Friday, September 27, 2013
The Eighth Circuit this week in Southern Wine and Spirits of America, Inc. v. Division of Alcohol and Tobacco Control upheld Missouri's requirement that liquor wholesalers reside in Missouri against a dormant Commerce Clause challenge. The ruling means that Missouri's law stays on the books, at least for now.
The case pitted the equal treatment requirement of the dormant Commerce Clause against the state's authority to regulate alcohol under the Twenty-first Amendment. In the Supreme Court's last foray into that area, in Granholm v. Heald, the Court struck a state law allowing in-state wineries to ship their products directly to in-state consumers, but requiring out-of-state wineries to sell through wholesalers. The law meant that in-state wineries could sell their wine at lower costs. The Court said that "the Twenty-first Amendment does not supersede other provisions of the Constitution and, in particular, does not displace the [dormant Commerce Clause] rule that States may not give a discriminatory preference to their own producers."
But the Supreme Court also noted that its holding didn't call into question the constitutionality of the three-tier distribution system set by the state--producers, wholesalers, and retailers. In particular, it wrote (in dicta) that the three-tier distribution system is "unquestionably legitimate" and that the system includes the "licensed in-state wholesaler." It also wrote that state policies that define the structure of the liquor distribution system--and that give equal treatment to in-state and out-of-state liquor products and producers--are "protected under the Twenty-first Amendment."
Missouri's law requires wholesalers to be "resident corporation[s]." That means that the corporation has to be incorporated under Missouri law, all of its officers and directors must be residents of Missouri for at least three years, and resident stockholders must own at least 60 percent. The law has a grandfather clause, exempting licensed wholesalers as of January 1, 1947. (There is currently just one such wholesaler.)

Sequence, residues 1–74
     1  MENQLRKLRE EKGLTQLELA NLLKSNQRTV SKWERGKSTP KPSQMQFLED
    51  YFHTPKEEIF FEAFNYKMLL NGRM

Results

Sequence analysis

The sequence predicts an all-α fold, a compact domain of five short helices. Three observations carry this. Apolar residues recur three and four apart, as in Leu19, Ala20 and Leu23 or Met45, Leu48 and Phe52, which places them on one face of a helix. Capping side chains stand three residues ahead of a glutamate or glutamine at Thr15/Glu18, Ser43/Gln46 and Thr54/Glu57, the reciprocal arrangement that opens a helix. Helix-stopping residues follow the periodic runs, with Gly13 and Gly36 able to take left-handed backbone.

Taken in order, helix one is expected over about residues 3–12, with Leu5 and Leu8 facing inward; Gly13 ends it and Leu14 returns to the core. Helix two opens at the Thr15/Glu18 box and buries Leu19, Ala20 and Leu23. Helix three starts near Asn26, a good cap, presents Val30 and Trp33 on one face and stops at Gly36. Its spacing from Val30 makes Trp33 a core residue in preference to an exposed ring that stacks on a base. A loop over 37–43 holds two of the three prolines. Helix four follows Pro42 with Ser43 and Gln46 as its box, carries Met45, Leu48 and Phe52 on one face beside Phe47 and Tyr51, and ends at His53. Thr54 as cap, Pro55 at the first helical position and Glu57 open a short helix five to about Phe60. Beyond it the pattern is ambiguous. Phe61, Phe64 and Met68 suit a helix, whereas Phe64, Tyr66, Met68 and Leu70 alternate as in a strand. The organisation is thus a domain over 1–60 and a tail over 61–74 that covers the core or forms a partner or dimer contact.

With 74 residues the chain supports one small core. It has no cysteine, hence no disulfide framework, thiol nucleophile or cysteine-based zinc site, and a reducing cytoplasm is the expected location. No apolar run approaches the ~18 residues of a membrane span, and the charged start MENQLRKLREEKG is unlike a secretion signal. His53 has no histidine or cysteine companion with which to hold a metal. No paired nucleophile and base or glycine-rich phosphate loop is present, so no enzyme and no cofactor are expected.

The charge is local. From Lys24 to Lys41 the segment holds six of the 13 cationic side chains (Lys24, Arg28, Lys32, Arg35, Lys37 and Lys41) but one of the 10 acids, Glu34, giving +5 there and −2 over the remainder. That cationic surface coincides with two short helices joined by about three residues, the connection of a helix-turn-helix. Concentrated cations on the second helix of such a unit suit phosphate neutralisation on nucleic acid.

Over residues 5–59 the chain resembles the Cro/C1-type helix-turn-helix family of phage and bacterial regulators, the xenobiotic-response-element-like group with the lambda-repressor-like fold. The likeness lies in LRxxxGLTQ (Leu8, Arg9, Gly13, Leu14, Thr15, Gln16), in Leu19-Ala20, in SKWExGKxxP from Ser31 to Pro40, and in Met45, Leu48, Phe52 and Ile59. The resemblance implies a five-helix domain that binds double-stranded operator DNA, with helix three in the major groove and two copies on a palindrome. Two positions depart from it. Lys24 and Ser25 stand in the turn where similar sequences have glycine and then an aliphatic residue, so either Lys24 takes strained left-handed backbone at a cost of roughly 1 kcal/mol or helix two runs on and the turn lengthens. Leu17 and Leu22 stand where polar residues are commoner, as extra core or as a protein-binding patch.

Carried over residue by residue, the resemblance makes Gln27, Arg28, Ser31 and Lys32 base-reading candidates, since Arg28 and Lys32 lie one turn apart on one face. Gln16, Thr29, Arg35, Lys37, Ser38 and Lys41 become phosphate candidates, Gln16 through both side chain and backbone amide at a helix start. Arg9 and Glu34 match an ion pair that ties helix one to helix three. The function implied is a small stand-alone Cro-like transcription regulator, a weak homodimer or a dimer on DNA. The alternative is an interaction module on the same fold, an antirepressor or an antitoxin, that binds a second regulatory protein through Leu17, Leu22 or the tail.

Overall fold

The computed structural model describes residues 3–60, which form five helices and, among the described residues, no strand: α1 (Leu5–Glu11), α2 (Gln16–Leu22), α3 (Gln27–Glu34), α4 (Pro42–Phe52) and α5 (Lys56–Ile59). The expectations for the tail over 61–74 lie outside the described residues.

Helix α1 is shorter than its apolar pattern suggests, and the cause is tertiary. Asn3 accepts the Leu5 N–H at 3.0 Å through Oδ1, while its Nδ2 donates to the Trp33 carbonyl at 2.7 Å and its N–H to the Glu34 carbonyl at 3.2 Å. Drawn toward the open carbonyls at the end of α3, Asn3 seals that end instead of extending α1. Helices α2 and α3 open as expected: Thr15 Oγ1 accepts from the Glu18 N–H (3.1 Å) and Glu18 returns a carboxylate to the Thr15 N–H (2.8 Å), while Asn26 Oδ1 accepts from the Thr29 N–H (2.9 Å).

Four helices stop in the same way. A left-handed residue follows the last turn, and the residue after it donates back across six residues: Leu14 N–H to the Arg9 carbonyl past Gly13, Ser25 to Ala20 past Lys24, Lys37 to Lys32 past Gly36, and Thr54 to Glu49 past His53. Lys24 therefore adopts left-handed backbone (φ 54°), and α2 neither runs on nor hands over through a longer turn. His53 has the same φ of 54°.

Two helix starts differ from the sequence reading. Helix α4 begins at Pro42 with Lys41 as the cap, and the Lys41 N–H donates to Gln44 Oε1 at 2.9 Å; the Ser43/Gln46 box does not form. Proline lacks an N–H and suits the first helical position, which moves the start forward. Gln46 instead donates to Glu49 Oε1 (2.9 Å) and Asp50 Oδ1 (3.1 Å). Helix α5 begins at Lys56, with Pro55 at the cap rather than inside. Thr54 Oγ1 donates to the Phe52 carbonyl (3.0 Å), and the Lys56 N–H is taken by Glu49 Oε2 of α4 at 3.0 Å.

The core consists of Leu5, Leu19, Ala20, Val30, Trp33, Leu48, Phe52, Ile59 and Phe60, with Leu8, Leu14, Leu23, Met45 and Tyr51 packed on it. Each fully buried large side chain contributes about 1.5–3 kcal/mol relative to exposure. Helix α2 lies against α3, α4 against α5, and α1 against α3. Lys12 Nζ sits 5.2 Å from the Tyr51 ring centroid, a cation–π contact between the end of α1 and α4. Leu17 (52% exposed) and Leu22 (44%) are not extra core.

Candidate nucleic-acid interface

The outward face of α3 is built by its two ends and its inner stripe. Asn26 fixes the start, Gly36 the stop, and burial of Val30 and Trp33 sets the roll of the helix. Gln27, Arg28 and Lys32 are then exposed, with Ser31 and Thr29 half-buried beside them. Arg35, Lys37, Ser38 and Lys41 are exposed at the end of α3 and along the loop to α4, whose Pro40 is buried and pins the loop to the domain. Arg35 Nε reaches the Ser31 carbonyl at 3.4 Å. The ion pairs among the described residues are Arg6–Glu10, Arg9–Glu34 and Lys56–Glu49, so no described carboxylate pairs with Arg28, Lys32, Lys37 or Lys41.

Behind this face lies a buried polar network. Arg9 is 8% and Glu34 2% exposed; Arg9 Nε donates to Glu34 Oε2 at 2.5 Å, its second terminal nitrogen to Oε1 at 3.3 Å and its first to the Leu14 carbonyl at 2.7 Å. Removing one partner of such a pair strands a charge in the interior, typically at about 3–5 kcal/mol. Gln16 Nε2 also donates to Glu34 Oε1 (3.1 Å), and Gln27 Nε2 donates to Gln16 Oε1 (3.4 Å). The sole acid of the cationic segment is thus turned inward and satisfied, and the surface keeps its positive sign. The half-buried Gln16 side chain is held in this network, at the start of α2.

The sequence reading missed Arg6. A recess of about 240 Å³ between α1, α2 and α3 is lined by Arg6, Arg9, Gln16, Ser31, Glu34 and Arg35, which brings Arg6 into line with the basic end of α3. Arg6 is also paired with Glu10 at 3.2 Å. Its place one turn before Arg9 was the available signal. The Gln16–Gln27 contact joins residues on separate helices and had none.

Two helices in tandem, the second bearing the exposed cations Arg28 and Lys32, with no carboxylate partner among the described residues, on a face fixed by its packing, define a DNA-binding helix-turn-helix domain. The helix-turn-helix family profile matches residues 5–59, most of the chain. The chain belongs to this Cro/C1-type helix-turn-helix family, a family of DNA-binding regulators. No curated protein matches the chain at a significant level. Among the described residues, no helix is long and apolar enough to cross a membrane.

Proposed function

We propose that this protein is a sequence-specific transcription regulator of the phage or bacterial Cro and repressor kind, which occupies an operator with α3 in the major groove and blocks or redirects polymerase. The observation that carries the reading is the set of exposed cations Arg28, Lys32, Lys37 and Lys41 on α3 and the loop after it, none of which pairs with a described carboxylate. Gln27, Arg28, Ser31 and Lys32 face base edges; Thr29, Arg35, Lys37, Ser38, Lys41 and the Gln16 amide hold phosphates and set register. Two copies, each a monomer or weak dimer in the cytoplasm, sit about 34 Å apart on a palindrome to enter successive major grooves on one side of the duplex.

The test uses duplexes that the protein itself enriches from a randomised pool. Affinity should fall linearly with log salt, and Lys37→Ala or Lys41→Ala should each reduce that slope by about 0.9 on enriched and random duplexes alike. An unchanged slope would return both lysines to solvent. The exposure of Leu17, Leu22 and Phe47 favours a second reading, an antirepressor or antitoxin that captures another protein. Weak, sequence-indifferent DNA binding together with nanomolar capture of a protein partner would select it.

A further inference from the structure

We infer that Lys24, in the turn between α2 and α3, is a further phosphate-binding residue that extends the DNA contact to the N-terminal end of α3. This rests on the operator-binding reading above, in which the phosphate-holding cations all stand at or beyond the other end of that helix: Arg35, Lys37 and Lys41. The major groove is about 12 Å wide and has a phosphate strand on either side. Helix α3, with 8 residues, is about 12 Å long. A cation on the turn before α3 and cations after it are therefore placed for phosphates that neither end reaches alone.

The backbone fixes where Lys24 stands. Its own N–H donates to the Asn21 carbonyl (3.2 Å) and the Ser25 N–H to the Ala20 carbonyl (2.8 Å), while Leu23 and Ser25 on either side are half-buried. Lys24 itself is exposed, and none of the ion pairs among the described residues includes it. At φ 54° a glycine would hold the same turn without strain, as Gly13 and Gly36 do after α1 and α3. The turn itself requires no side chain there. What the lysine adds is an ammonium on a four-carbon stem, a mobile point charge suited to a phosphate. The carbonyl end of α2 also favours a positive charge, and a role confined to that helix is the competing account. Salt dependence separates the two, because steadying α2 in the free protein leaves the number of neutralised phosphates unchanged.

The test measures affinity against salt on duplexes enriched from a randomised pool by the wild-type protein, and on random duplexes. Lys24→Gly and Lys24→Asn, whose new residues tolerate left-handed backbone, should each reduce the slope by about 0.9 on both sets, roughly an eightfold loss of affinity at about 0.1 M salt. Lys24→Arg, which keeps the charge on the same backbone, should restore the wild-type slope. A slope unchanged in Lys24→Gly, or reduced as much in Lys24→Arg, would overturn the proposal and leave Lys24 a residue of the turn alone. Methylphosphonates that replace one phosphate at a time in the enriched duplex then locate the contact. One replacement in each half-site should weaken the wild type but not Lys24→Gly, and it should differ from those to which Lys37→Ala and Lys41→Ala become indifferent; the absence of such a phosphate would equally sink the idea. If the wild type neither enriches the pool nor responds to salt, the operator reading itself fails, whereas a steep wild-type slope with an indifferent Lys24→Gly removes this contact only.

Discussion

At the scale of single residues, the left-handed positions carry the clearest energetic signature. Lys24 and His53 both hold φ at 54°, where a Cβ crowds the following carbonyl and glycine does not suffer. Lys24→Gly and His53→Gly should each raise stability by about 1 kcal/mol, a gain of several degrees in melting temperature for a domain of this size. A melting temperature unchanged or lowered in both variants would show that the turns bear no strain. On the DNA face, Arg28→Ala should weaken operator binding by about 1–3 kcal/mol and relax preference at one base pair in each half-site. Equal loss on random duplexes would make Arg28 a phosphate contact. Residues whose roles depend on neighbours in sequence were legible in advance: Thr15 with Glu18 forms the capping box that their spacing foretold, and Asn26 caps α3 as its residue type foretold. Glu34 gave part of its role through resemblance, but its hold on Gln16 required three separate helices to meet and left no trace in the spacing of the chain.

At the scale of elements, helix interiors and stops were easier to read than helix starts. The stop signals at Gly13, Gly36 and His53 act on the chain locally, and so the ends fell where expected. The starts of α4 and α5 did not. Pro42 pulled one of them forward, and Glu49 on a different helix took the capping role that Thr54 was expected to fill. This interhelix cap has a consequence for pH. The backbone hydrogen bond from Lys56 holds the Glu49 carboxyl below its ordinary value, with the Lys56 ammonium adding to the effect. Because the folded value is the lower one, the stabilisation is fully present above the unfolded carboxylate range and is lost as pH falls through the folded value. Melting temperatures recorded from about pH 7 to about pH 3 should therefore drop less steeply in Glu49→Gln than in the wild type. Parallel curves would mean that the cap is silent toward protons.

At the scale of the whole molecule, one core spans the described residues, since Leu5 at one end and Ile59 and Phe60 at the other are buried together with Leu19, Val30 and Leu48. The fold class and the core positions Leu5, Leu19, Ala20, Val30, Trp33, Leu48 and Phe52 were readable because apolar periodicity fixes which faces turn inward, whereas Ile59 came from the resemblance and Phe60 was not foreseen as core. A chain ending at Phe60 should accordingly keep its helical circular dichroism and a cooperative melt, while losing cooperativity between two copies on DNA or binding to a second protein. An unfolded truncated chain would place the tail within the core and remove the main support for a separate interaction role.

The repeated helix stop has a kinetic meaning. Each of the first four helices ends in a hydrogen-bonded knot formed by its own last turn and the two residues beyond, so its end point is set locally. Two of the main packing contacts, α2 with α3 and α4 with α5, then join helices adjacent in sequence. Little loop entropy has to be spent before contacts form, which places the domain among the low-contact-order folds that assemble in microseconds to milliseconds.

The Eighth Circuit upheld the law against the dormant Commerce Clause challenge. In particular, the court held that there was no evidence of protectionist intent. And it said that under Granholm the law didn't discriminate against out-of-state products or producers, and that under Granholm states could require wholesalers to be "in-state."
The court held that Missouri's law easily passed the "deferential scrutiny" that Granholm says applies to state policies defining the distribution system. It said that the legislature could have believed that a wholesaler governed by Missouri residents might be more socially responsible and promote temperance, and that Missouri residents might be more likely to respond to concerns of the community. The court also said that the legislature could have concluded that in-state residency promotes law enforcement.